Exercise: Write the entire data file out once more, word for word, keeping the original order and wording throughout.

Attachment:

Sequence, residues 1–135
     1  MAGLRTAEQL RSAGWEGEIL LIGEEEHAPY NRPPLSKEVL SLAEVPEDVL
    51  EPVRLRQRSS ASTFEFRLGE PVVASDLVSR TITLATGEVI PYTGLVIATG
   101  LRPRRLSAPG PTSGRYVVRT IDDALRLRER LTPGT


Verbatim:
Sequence, residues 1–135
     1  MAGLRTAEQL RSAGWEGEIL LIGEEEHAPY NRPPLSKEVL SLAEVPEDVL
    51  EPVRLRQRSS ASTFEFRLGE PVVASDLVSR TITLATGEVI PYTGLVIATG
   101  LRPRRLSAPG PTSGRYVVRT IDDALRLRER LTPGT